I have many good, smart, capable friends right now who are looking for work, and finding nothing. Other friends who, like myself, are self-employed, are having trouble lining up new clients and customers and we're finding our businesses faltering. And now I know who to blame: Stupid People.
Over the long weekend I read an article that introduced me to the "Dunning-Kruger Effect," a cognitive bias in which an ignorant person makes poor decisions and reaches erroneous conclusions, but their own incompetence prevents them from realizing how wrong they are. Basically, "ignorance begets confidence."
The opposite is also true: Those who are truly skilled or knowledgeable in any given area, knowing enough to know that they can't know everything, will tend to be more modest about their abilities compared to the bombast of the dullard.
The article I was reading was talking about the Dunning-Kruger Effect in relation to politics, and certain pundits who prey on the ignorance of their followers for political gain. But in thinking about the article, I realized it applies to all sorts of situations, including employment.
Who stands out during job interviews? Who does the recruiter remember? Is it the guy who calmly and honestly says, "I believe I can do it, and if there's anything else I need to learn, I'll do my best to learn it." Or is it the guy who proudly boasts, "I'm the best! I could have written the book on how to do this job!"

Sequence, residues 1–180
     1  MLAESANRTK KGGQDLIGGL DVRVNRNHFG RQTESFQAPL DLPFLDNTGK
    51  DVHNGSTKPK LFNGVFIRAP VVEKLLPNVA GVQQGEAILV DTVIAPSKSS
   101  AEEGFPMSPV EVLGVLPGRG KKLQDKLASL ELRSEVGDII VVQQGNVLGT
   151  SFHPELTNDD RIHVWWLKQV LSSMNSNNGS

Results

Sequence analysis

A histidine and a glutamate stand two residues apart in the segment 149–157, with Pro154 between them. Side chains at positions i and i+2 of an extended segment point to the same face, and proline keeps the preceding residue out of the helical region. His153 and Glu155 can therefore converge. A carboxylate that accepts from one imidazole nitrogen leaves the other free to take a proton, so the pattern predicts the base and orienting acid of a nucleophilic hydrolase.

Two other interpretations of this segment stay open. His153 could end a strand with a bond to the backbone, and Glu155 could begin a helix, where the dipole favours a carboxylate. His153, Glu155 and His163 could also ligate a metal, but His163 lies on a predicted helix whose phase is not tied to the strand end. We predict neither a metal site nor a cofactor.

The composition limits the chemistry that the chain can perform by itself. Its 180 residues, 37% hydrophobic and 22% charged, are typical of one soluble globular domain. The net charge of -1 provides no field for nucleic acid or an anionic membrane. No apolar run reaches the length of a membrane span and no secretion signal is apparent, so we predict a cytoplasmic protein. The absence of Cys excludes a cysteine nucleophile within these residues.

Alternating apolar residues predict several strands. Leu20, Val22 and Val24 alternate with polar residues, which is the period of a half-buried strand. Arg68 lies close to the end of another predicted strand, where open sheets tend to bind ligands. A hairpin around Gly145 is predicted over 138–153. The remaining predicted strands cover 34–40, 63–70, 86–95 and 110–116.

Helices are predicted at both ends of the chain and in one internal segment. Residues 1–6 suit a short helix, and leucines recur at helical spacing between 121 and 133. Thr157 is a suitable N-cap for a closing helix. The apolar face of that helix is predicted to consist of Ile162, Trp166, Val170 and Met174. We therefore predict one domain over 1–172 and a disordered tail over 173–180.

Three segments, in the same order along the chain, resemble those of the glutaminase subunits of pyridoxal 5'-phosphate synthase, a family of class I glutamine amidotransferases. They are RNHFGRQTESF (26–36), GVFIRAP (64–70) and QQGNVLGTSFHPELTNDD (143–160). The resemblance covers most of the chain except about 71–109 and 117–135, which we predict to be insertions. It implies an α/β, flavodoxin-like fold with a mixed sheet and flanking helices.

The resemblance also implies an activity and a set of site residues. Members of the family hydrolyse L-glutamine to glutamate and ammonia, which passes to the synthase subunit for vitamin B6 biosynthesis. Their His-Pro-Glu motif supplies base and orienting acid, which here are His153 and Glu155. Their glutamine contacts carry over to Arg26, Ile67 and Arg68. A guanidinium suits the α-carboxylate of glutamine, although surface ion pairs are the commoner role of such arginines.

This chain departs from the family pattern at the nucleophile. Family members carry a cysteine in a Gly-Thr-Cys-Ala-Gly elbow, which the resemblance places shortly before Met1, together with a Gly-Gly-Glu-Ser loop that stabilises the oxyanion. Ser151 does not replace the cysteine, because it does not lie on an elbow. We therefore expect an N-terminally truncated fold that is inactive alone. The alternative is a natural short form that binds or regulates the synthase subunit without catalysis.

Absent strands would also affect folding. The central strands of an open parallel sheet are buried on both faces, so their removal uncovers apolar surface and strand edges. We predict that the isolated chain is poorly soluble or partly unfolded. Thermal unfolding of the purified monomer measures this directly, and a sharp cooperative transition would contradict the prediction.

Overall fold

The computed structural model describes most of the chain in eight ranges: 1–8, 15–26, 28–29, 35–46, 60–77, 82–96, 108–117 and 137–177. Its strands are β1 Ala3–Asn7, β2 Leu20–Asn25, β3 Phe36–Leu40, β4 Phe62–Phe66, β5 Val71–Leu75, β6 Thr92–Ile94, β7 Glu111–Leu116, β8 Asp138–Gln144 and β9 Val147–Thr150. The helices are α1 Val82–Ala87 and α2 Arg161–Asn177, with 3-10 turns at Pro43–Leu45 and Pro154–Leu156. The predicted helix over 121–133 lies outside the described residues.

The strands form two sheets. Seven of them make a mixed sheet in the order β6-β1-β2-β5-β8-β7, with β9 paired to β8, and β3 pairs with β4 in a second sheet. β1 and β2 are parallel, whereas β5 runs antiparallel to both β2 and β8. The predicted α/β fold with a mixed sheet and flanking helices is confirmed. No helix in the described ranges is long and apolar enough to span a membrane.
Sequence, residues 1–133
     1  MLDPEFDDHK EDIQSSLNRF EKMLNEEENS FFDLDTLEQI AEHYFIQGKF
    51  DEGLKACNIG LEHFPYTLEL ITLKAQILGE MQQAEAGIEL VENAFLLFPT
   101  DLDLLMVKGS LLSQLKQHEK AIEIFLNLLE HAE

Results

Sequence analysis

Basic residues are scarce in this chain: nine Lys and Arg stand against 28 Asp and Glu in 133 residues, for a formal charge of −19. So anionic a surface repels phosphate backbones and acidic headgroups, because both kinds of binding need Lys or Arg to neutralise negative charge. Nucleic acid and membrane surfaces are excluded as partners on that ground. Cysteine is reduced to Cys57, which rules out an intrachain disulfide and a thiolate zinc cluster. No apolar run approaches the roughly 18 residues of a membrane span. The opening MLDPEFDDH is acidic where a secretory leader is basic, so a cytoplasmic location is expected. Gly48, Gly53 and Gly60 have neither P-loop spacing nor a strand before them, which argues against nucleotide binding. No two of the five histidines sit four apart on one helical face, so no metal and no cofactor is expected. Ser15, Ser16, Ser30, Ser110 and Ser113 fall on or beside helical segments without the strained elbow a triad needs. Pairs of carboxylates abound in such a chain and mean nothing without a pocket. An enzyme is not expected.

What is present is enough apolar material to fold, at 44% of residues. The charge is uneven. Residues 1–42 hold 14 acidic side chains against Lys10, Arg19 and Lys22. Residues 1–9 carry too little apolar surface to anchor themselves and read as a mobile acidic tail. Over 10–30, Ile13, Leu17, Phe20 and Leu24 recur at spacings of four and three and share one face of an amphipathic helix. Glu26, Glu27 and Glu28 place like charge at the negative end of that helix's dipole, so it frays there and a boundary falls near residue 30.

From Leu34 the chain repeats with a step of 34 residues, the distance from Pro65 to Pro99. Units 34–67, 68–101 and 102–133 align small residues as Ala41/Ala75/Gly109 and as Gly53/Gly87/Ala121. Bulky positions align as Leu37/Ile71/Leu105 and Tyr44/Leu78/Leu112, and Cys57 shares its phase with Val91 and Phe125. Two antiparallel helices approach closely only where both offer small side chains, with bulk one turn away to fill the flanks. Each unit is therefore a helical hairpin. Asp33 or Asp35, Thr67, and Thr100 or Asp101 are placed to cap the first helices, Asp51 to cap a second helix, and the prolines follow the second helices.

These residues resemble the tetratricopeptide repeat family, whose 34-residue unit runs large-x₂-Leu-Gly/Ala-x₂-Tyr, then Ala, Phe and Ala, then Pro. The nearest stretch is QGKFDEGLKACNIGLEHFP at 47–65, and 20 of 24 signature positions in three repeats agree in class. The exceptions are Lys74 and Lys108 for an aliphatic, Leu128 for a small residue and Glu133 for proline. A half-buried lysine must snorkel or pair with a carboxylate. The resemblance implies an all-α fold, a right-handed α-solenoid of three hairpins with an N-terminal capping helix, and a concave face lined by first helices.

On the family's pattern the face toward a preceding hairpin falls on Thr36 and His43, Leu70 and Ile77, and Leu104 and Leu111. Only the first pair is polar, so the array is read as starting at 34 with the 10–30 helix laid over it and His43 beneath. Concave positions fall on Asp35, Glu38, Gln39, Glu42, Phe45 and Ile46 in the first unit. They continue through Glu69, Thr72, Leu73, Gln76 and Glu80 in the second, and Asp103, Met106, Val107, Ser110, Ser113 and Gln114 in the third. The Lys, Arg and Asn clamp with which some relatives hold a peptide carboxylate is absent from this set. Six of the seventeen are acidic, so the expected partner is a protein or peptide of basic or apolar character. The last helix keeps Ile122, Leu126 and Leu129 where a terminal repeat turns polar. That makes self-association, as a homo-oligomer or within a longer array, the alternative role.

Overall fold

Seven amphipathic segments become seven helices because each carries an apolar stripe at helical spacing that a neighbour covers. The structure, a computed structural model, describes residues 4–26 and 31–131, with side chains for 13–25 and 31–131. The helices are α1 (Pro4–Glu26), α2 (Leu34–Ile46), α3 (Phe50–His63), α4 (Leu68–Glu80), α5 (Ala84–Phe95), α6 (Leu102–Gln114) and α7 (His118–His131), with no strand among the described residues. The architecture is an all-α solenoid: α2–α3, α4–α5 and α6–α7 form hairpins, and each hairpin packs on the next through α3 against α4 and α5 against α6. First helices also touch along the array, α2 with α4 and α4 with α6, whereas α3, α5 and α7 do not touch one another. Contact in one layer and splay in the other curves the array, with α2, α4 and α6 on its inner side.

Nine times out of ten, it's the second guy, the self-deluded moron, who gets hired, and through the same process gets promoted over the years, over all the truly competent co-workers. And now, they're the ones at the top, screwing up the entire economy.
So, if you're looking for work right now, and you're lucky enough to get a job interview, and the interviewer asks you, "Why have you been out of work for so long?" Look that son-of-a-bitch right in the eye and with all the confidence you can muster say, "Because of stupid bastards like you!"
You may not get the job, but at least you'll know why.
(NOTE: Some might ask, isn't this really just another way of describing the Peter Principle? Not quite... The Peter Principle explains how, should a competent person be lucky enough to get a job, he or she will be promoted to their level of incompetence. The Dunning-Kruger Effect explains why the competent person probably won't even be hired in the first place.)